Canada: Business Development Bank Of Canada v. 9183-1164 Québec Inc.

Last Updated: September 11 2015
Article by Mary-Pier Marcheterre

Most Read Contributor in Canada, October 2018

In a recent Superior Court ruling, the Honorable Lucie Fournier interpreted the concept of sue and labour that a mortgage lender is entitled to claim under the mortgage agreement, and the concept of fees incurred by a representative to cover the amounts owing under the loan.


The Business Development Bank of Canada (hereinafter "BDC") is claiming a loan balance of $190,467.26 in capital and interest and liquidated damages of $9,523.86 from the company 9183-1164 Québec Inc. (hereinafter "9183") and the company 9074-9094 Québec Inc. (hereinafter "9074"). BDC is also claiming $36,748.93 from two guarantors of this loan. It is important to specify that neither the respondents—9138 and 9074—nor the guarantors are contesting the existence of the loan or the securities. However, they are arguing that the amount should be less since the decontamination and extrajudicial fees were wrongfully added to the claim.


In October 1999, 9074 acquired from a limited partnership a building that was mortgaged to BDC.

In 2006, 9074 put the building mortgaged to BDC up for sale. The new buyer wanted to finance its acquisition through a loan with BDC, which requires an environmental assessment. The company SCP Environnement Inc. (hereinafter "SCP") performed an environmental assessment and concluded that rehabilitation work needed to be done on the building. It is important to specify that 9074 operated a used car business. However, for various reasons, the sale did not go through.

Due to the above, BDC decided to pay the rehabilitation costs incurred by SCP, believing that this was sue and labour to protect its warranty.

In June 2007, 9074 sold the building in question to 9183 for $175,000.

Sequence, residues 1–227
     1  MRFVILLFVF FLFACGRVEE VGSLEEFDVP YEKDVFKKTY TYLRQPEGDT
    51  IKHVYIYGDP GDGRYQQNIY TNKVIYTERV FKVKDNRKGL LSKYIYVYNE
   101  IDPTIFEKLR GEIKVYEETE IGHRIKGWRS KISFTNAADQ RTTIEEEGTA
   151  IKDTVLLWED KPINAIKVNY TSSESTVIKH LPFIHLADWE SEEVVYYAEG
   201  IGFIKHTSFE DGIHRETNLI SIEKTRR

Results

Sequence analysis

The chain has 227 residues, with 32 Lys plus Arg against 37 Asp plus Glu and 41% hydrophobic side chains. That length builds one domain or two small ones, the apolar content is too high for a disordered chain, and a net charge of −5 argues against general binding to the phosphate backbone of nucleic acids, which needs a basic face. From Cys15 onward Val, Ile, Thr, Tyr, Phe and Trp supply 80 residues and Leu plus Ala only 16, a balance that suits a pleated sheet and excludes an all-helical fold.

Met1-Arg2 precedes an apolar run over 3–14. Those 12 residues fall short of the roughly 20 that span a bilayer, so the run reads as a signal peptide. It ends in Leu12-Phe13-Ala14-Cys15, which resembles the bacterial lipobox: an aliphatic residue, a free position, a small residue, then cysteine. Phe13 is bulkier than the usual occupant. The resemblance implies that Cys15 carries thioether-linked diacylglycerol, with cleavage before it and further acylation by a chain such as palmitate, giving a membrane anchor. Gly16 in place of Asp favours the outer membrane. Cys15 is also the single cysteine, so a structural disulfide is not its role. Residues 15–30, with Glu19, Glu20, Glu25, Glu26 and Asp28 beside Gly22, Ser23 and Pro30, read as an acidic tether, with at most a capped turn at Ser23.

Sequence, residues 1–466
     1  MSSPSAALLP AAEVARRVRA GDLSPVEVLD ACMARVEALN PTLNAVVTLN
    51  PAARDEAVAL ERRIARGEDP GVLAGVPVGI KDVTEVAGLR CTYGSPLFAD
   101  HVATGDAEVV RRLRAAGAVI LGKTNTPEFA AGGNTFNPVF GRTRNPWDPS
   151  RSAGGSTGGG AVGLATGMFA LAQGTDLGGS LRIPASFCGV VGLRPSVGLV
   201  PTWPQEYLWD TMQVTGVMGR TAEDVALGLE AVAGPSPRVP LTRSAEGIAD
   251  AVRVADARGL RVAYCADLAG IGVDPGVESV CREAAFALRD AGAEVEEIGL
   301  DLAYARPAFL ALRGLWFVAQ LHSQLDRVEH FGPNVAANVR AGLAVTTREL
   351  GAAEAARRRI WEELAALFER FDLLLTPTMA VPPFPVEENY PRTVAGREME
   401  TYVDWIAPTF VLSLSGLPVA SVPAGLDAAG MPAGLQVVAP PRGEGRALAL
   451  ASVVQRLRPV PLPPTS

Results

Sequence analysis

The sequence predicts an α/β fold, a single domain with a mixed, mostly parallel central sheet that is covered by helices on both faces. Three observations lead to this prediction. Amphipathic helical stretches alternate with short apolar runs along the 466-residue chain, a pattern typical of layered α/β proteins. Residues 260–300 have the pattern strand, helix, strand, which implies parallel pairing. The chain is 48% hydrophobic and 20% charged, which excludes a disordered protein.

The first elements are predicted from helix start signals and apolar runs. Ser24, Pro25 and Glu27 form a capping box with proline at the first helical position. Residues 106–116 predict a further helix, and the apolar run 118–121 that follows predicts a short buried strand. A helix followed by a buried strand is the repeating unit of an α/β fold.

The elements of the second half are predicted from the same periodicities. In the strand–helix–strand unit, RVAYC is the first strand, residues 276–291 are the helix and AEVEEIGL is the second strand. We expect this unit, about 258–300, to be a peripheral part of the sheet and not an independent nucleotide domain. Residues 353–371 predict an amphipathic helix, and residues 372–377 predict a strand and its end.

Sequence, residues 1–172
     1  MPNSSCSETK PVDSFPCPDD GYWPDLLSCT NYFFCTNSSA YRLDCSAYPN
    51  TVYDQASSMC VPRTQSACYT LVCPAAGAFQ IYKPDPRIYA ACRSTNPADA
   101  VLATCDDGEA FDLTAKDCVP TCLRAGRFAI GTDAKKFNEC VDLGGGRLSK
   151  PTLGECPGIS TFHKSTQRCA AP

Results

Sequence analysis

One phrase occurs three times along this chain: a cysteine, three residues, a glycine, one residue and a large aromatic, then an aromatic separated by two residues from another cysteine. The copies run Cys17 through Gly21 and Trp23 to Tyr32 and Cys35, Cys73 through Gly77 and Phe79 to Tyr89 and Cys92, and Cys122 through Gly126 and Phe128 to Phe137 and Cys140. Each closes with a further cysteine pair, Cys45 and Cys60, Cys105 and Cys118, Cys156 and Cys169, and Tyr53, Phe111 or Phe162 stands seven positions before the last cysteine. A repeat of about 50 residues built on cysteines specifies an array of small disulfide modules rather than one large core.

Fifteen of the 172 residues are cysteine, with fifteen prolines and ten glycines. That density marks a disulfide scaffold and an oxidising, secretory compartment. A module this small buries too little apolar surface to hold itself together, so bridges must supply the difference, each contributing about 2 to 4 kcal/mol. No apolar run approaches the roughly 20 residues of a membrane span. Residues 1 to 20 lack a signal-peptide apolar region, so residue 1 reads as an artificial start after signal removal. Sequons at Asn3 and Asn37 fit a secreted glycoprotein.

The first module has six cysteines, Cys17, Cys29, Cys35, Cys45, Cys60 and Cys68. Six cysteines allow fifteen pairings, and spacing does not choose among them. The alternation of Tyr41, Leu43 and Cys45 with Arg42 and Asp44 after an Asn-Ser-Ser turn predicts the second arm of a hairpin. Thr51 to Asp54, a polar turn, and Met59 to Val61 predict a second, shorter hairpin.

In May 2012, BDC filed a motion to institute proceedings in this case.1 In opposition to this motion, 9074 is arguing that $33,615.25 was added to the amounts owing as decontamination fees, that other expenses were added to the debt without justification or authorization, that they are not in default of the loan, and that BDC acted in bad faith.

BDC also filed an amended motion to institute proceedings claiming $30,157.98 in extrajudicial fees, which it argues it has a right to under the terms of the loan agreement.


The Court has two questions to answer:

  • Do the decontamination costs qualify as sue and labour according to the definition in the loan agreement?
  • Does BDC have the right to extrajudicial fees paid to its lawyers and liquidated damages of $9,523.86 as per the loan agreement?

Decontamination fees

BDC paid the fees for the environmental assessment and the rehabilitation work performed by SCP on the building owned by 9074. BDC is arguing that both 9074 and the guarantors agreed that the work be performed and that BDC pay for the work and add it to the total debt owing to it. In addition, it argues that these fees are included in the sue and labour that it has the right to claim from 9074 under the terms of the loan agreement as stated in the following clause:



"All sums paid by the Lender for maintaining and preserving the security given in respect of the loan, as well as a reasonable remuneration for services rendered by any representative of the Lender, shall be immediately payable to the Lender by the Borrower, shall be added to the Principal Sum, shall bear interest at the rate hereinabove stipulated, computed from the time it is paid out and shall be entitled to benefit from the same security."